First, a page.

Hard Rock Cafe -- the granddaddy of theme restaurants that '' proved it's not only rock 'n' roll but burgers, fries and T-shirts too -- will open here this summer as the Power Plant's first tenant in seven years.
The Orlando, Fla.-based chain is to celebrate its grand opening June 28 with a free outdoor concert on the harbor and a new permanent fixture atop the complex's center building -- a 65-foot-tall lighted likeness of a Gibson Les Paul guitar.
Inside, a Cadillac suspended from the ceiling will rotate above a bar in the center of a restaurant seating about 300. A stained-glass wall will depict rock legends. National and regional rock and blues acts will perform regularly on a raised stage.
The debut of the $25 million Power Plant project, to be announced this morning at the mayor's weekly news conference, represents a significant milestone for its developer, David Cordish.
In the past three decades, the native Baltimorean's company has developed a nationwide reputation for turning failed projects into successes. But this marks his first project in his hometown.
Unfazed by the demise of Six Flags Corp.'s two ventures in the Power Plant, on Pier 4 at the Inner Harbor, Cordish said he thrives on resurrecting lifeless failures. He pointed to Hard Rock and a Barnes & Noble superstore, the other definite tenant among nine or 10 that will occupy the Power Plant in the coming year, as proof that he's delivering on his promise.
"If we say we are going to do something, you can bank on it," Cordish said. With the addition of other tenants "equally as spectacular as the first two," he added, "the Power Plant will be the premier entertainment venue in the region."
For Mayor Kurt L. Schmoke, who saw Six Flags abandon its Victorian fun house in 1990 and entertainment complexes fail at the Brokerage and Fishmarket on Market Place, the planned redevelopment of all three provides reason for jubilation.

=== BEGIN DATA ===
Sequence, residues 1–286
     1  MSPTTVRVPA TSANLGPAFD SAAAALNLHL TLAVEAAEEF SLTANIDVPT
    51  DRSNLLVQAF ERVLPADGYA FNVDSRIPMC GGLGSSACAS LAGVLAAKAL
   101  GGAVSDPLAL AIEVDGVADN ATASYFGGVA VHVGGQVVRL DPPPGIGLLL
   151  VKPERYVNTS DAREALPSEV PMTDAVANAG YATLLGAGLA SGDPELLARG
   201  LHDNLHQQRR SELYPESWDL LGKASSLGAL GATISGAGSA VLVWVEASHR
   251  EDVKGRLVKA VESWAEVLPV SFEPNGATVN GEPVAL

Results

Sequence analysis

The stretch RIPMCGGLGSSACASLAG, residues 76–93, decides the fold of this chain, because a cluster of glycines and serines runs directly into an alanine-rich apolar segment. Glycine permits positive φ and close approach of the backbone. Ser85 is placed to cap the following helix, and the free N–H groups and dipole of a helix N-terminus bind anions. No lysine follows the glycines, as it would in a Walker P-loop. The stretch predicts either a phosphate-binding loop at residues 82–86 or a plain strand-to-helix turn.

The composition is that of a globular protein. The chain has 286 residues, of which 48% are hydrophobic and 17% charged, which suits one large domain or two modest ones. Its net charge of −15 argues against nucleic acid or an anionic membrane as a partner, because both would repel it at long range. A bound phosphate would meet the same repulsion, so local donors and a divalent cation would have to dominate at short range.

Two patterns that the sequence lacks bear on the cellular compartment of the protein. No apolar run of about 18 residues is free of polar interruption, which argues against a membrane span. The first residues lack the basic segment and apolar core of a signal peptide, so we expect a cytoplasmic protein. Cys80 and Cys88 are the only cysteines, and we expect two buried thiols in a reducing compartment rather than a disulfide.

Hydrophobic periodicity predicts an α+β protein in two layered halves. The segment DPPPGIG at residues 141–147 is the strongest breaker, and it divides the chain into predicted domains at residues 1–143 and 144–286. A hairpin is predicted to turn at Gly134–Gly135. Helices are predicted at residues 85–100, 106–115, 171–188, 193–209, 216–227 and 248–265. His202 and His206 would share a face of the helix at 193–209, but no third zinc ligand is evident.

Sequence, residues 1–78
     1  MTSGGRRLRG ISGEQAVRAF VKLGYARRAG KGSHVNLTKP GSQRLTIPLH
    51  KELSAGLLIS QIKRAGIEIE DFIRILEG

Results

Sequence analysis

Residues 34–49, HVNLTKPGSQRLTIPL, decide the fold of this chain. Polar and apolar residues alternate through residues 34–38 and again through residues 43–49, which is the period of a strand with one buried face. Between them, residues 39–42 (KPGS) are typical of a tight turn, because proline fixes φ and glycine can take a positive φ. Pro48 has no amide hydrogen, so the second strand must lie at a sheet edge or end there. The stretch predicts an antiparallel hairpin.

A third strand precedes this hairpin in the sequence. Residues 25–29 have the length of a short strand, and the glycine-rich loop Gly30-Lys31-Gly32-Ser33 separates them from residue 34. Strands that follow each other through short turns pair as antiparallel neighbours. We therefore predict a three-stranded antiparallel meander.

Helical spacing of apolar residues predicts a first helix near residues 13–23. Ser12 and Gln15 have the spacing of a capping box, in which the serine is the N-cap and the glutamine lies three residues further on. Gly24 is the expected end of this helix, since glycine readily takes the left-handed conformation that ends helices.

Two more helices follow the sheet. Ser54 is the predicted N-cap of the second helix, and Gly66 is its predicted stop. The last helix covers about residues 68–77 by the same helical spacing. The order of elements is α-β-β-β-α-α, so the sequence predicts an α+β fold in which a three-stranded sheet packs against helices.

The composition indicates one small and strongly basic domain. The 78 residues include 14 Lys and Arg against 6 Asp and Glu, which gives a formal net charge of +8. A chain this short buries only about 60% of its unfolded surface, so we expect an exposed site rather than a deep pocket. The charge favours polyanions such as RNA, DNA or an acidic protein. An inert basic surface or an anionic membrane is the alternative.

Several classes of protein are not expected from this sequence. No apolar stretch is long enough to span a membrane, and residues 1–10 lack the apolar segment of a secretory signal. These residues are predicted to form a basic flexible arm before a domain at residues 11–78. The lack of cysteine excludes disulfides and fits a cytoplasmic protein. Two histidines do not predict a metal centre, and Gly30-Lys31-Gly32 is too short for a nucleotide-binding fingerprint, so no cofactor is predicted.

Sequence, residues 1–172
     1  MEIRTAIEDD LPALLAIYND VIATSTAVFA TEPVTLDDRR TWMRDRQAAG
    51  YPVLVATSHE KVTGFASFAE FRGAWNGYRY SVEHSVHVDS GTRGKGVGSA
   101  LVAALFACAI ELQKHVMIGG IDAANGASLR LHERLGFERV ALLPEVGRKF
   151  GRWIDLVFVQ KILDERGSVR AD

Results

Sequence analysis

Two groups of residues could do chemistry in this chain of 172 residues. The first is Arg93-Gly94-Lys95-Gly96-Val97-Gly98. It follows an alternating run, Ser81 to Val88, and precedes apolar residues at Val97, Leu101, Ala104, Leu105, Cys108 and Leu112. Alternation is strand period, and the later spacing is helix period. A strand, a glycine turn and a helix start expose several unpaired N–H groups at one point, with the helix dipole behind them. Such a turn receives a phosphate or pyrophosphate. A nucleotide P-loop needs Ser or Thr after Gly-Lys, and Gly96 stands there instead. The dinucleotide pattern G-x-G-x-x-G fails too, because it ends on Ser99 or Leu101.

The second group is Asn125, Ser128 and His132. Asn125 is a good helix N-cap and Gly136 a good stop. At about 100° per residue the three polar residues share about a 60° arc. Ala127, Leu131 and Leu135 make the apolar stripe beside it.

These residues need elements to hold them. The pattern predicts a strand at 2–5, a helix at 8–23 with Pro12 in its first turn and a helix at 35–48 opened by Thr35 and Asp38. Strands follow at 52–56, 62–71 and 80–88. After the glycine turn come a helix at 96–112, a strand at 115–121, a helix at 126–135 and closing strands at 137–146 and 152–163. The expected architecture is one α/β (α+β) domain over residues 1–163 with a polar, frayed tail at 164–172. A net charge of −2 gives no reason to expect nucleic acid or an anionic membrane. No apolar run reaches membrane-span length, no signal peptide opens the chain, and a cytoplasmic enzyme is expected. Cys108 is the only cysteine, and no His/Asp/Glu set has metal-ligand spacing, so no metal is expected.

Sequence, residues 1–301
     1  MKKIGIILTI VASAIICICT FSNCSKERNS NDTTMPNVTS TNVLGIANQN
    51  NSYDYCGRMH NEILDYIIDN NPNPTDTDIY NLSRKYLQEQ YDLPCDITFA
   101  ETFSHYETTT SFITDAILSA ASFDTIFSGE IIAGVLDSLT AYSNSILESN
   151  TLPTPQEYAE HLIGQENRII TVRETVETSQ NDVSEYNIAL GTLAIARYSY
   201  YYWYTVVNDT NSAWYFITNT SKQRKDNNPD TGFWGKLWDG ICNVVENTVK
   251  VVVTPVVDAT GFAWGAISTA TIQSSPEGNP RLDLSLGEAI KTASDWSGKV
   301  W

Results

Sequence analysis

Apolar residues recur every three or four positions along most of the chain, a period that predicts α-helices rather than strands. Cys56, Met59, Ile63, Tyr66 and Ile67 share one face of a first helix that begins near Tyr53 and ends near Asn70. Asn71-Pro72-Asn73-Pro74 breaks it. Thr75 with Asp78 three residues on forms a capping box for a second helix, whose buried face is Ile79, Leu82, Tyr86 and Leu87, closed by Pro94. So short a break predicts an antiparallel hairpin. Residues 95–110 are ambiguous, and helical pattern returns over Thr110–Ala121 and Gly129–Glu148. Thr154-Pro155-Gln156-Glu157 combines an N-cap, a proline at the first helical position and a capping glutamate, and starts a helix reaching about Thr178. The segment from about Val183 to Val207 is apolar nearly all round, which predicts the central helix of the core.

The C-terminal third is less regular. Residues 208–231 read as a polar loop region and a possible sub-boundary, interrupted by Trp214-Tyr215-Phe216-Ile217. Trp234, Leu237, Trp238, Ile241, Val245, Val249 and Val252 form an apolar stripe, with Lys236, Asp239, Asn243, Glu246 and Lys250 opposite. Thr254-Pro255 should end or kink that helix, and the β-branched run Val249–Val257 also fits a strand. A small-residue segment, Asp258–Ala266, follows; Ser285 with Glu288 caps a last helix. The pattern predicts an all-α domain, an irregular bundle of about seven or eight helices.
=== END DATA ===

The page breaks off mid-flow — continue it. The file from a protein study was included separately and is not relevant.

With an internationally recognized theme restaurant and the world's biggest bookseller heading downtown, the mayor quipped, "Baltimore is now the city that reads and rocks, too."
The restaurant, on the ground level of the southernmost of the turn-of-the-century plant's three buildings (the one farthest from Pratt Street), will feature windows overlooking the harbor, hardwood floors, polished brass fixtures and a jukebox with a state-of-the-art sound system and multiple video screens.
And, of course, total immersion in everything rock 'n' roll -- signed guitars, gold records, hand-written letters and lyrics, superstar stage-wear.
The cafe also will include a room for private functions; full restaurant service and entertainment in warmer months on a barge docked outside; and a shop brimming with T-shirts, hats, jackets and other paraphernalia bearing the insignia "Hard Rock Cafe -- Baltimore."
Like the downtown it's moving into, Hard Rock is trying to recapture its glory days. While Baltimore strives to regain its faded reputation as a pioneer in redeveloping downtowns, Hard Rock, too, hopes to regain its edge against tough competition like the Planet Hollywood and House of Blues chains.
Since the start of this year, Hard Rock, which owns 76 restaurants worldwide, has announced plans for a TV show on the cable station VH-1, a record label, regular live music at its restaurants and plans to open in 14 new cities in the coming year.
The subsidiary of U.K.-based Rank Group PLC bought back 11 '' Canadian franchises in December for $61 million. That followed its $410 million repurchase of Hard Rocks in the western United States.
"We're clearly refocusing the whole company," said Jim Berk, the 37-year-old who took over as Hard Rock's president and chief executive a year ago. "We really want to maintain all the integrity and credibility that has been part of Cafe since it started but also put more focus on real energy."
The glitz and strategic plans notwithstanding, the chain that has never closed a restaurant relies on a very basic recipe for success, Berk said: "What it all comes down to is very simple business. It's about hot hamburgers, cold beer and great music. If we can't deliver that, then we shouldn't be in the business."
Revival of the turn-of-the-century Power Plant could be one of the most visible symbols of recovery for a downtown that struggled for years against a recession.
The grand opening of the Hard Rock and the other Power Plant tenants to follow will provide key focal points of what's dubbed downtown's "second renaissance." All told, more than a half-billion dollars' worth of attractions will fan out from the Inner Harbor within the next two years.
Pub Date: 3/13/97